What’s the Right Seder For You?

About this time of year, I like to ponder who’ll be coming to our Seder and what kinds of extra festivities make sense.

Choosing A Haggadah

Probably the most important step is choosing a Haggadah that you like, one that resonates with you. The tone of the evening rolls out from there.

When you look up Passover Haggadah on amazon.com, there are 1793 results!

Our family has at least 10 different styles of Haggadot, ranging from super family-friendly to more philosophical to old-school traditional to pop-up. But we go back, year after year, to a Haggadah for young children.

Some years we amplify more than others.

What’s your favorite Haggadah?

Customizing the Seder

Can we add special songs (like the year we performed and sang our Welcome to the Seder song, accompanied by banjo and guitar)?

Can we add some splitting the Red Sea action made in advance with huge sheets of construction paper?

Can we pull out the play our daughter wrote about the Passover story, which is awesome? Do we have the right people for the parts?

Or, given the attention span of the group, do I mark through our favorite Haggadah and cut down to bare bones?

And where’s the balance between pulling in old traditions and building new ones?

For inspiration, I check out our Passover  Pinterest board.

Where I’m Leaning

Based on the crowd I think we’ll have – super mix of backgrounds and ages – I’m leaning toward:

  • Asking our youngest guests to help:
    • Set up the mini-seder plates that we put on everyone’s big plate, so that they’ll have a strong memory of what the symbolic foods are, like hard-boiled eggs, parsley, horseradish, and haroset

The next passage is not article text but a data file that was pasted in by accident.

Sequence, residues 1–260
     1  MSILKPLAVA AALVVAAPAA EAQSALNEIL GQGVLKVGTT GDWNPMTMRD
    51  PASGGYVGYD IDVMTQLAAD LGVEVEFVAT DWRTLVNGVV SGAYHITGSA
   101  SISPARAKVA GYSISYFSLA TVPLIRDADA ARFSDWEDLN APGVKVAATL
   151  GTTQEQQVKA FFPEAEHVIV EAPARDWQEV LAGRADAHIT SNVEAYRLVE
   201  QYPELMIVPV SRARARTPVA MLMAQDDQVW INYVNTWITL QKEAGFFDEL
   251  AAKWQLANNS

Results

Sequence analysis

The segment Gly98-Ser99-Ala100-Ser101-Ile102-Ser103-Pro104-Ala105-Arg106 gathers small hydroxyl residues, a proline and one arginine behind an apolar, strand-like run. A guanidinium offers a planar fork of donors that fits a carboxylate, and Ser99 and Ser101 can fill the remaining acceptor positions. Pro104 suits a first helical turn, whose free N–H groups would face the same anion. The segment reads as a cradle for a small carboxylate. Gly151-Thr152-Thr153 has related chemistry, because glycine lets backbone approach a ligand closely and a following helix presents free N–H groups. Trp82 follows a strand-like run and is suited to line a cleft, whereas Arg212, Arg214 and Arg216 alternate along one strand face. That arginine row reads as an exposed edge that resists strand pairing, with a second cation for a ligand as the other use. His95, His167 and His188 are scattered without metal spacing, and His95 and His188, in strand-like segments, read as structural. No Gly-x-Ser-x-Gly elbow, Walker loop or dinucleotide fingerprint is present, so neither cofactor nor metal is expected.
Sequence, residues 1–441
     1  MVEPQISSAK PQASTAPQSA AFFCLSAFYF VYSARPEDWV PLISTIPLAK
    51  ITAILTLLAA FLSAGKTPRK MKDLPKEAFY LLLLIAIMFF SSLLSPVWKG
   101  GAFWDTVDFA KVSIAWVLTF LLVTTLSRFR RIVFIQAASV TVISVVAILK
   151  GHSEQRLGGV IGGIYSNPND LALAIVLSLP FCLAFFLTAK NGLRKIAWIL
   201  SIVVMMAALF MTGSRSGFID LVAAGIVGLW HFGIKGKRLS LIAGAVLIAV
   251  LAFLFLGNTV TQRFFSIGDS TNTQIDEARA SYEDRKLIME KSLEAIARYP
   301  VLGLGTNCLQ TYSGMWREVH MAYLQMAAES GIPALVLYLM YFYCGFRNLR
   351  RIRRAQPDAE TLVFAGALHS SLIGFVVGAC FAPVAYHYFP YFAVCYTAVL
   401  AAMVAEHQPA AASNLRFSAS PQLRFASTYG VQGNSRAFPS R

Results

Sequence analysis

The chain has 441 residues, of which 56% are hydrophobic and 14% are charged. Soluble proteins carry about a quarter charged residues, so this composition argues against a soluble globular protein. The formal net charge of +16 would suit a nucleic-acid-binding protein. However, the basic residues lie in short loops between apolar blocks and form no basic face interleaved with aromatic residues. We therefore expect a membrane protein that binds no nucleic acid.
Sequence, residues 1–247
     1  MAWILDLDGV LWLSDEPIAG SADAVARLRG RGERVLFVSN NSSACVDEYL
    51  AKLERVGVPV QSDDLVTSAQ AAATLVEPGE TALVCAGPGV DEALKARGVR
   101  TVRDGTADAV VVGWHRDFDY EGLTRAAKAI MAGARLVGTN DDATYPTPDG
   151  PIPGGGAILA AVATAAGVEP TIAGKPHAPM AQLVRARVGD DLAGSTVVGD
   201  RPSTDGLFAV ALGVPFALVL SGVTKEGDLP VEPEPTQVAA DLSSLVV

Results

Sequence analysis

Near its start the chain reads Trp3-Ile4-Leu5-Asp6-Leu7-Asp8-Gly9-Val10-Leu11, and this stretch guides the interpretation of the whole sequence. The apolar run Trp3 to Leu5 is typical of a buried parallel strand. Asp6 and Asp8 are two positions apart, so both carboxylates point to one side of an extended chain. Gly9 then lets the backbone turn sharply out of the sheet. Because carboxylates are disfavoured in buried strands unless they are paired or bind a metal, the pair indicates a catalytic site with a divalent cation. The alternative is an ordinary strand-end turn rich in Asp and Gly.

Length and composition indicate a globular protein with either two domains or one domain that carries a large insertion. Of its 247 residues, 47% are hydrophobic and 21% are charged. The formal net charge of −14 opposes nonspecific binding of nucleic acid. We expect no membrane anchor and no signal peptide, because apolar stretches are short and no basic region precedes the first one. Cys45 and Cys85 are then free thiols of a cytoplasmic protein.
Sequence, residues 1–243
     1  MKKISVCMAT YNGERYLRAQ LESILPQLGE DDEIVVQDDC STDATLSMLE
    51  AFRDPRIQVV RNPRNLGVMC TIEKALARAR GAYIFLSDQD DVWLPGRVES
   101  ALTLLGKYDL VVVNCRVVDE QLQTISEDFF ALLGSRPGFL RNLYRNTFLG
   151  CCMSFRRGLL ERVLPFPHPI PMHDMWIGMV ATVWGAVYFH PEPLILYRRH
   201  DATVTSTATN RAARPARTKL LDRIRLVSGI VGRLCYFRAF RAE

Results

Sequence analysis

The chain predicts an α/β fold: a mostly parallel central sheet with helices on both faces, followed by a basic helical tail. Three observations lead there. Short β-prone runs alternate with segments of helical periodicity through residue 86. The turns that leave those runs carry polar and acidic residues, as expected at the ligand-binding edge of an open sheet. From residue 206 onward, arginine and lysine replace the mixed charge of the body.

• Put pillows at people’s places to show that we are free and can recline if we want to
    • Create heaping plates of maracoons and fruit slices and honey cake, so they can present them with a “ta-dah” when it’s time for dessert
  • Keeping it simple. So no Passover play this year, but yes to the Seder Welcome Song we wrote to the tune of “You Are My Sunshine.” That gets everyone singing from the get-go. (We pass out the words and the song tells the story of the Seder.)
  • Weaving in extras that don’t add much time (e.g., having tambourines, maracas, and other mini-instruments ready for everyone who wants to ramp up the Seder songs)
  • Building in ways for our littlest guests to get up from the table multiple times, so that they’re less restless (like having them walk around to each Seder guest with a bowl of water and a towel to help them “wash” for the second Seder step, Ur’chatz)

More pondering and decisions to come.

But it feels good to have started.

Where are you in your planning?

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